This summer in Western Massachusetts I’ve noticed a recurring theme while discussing my research.  No sooner do I parrot my elevator speech (“I focus on memories of the African-American slave trade and how they are embedded in roles, rituals and aesthetics in Atlantic World sites such as the Caribbean and New England”) than the person I’m talking to immediately says something along the lines of “you know, I just took a tour of this house that was on the Underground Railroad.”

My first day at the farmers market I was explaining to a friend of my parents where exactly I was from, why I was back on the east coast, what exactly Anthropology is, how exactly it differs from Sociology and some elements of the slave trade in Western Massachusetts.  After listening to me patiently explain that there was evidently a rum distillery in the Berkshires which distilled Caribbean sugar and the successful self-manumitting lawsuit lodged by Elizabeth Freeman, she immediately talked about a house in Deerfield, MA which had been on the underground railroad.

A couple of weeks later I was at Lanesborough Town Hall speaking with the town librarian.  She gave me some helpful hints, such as going to the Berkshire Atheneum in Pittsfield, which would result in two successful research sessions.  She also mentioned that there was a house in Lanesborough which had been on the underground railroad, and possibly sugar had been distilled there by escaped enslaved workers on their way to Canada.  I opted not to wonder aloud about the logistical nightmare transporting and distilling en route a product you had been forced to harvest and process would pose whilst fleeing.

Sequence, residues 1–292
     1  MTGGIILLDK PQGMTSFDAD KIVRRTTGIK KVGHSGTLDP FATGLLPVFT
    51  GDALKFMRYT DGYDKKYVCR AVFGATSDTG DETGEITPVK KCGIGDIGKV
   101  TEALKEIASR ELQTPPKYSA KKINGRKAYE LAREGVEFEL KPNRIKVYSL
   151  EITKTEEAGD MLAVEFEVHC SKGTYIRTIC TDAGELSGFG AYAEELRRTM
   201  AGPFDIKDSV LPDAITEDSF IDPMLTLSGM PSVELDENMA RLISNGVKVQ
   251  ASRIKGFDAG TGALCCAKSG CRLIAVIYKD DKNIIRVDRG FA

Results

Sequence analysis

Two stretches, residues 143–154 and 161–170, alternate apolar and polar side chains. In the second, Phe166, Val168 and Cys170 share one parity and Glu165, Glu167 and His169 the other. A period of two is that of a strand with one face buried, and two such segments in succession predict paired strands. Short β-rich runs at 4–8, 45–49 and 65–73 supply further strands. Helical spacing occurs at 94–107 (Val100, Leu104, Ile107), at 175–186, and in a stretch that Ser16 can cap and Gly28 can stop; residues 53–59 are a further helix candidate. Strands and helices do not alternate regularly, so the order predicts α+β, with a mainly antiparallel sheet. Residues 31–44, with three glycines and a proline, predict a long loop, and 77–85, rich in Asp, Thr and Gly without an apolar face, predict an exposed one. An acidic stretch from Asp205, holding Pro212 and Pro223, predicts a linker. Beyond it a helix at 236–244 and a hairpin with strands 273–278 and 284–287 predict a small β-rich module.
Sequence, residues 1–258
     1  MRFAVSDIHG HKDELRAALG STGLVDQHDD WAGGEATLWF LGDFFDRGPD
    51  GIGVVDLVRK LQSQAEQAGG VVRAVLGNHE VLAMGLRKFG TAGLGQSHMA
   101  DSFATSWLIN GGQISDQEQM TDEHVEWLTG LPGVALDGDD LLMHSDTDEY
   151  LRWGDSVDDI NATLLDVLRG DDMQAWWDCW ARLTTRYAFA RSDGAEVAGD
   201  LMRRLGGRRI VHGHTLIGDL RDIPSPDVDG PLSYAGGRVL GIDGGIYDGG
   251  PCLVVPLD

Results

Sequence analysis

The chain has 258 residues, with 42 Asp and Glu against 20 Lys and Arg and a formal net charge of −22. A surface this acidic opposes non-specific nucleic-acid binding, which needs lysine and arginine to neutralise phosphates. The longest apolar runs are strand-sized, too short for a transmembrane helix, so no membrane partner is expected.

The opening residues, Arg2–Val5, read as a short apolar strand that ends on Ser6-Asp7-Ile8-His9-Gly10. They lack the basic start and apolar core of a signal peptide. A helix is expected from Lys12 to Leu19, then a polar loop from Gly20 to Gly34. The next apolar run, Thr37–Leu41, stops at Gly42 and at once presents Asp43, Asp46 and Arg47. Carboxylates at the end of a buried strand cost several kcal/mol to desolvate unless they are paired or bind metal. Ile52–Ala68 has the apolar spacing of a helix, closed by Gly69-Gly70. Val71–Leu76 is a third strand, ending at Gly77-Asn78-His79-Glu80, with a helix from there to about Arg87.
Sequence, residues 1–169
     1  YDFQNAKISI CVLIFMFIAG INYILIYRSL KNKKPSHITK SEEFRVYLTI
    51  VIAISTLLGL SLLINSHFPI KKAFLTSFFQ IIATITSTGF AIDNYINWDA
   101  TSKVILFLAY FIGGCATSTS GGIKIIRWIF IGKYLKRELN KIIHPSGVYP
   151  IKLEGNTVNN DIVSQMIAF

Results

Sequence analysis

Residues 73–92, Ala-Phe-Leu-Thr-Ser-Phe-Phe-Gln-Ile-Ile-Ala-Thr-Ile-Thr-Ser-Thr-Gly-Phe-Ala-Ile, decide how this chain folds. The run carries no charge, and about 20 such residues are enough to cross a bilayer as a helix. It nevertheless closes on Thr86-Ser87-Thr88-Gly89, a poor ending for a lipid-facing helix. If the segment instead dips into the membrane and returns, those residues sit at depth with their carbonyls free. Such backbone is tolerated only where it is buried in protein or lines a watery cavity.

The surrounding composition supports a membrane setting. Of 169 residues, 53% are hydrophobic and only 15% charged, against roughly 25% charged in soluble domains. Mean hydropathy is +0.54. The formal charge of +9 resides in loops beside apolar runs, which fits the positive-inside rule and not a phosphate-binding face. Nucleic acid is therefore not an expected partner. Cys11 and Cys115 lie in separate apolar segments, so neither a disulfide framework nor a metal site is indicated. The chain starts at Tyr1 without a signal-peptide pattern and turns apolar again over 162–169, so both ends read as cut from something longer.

Finally, during my most recent research excursion to a gentleman who serves on the Cheshire Historical Society, he discussed the name of the town in which he lives, Cheshire Harbor.  As you might gather from the name, Cheshire Harbor is next to and within the town of Cheshire.  As you might not gather from the name, there is no harbor anywhere in or around Cheshire Harbor.  My parents actually had looked at a house in Cheshire Harbor when thinking about retiring and moving to the Berkshires from New York, and then spent an hour or so driving around looking for the water.

Anyways, Mr. Historical Society mentioned to me that the name Cheshire Harbor came from the fact that it’s a pretty, sylvan area nestled on a wooded hilltop.  Susan B. Anthony’s father actually composed a poem in praise of the area.  The name did not, Mr. HS emphasized, stem from the fact that a house in Cheshire Harbor was on the underground railroad.

Time and time again, I’ve run up against the underground railroad here.  I’m sure part of the reason is, quite simply, due to the fact that it is basically a straight shot up through Western MA into Vermont and then north to Canada.  Logistically speaking, the underground railroad probably did go through Western MA.  There are evidently houses around here that were on the railroad.

However, the fact that people automatically pivot towards the railroad at the mere mention of slavery seems to speak to something deeper.  Is it due to the fact that a regional history of opposition to slavery is so drilled into the collective memory out here that anything other than the opportunity for average people to undermine the institution of slavery is simply inconceivable?  Or is it an active attempt to ward off any acknowledgement of Northern complicity with the slave trade?  A bit from columns A and B?  What do you all think?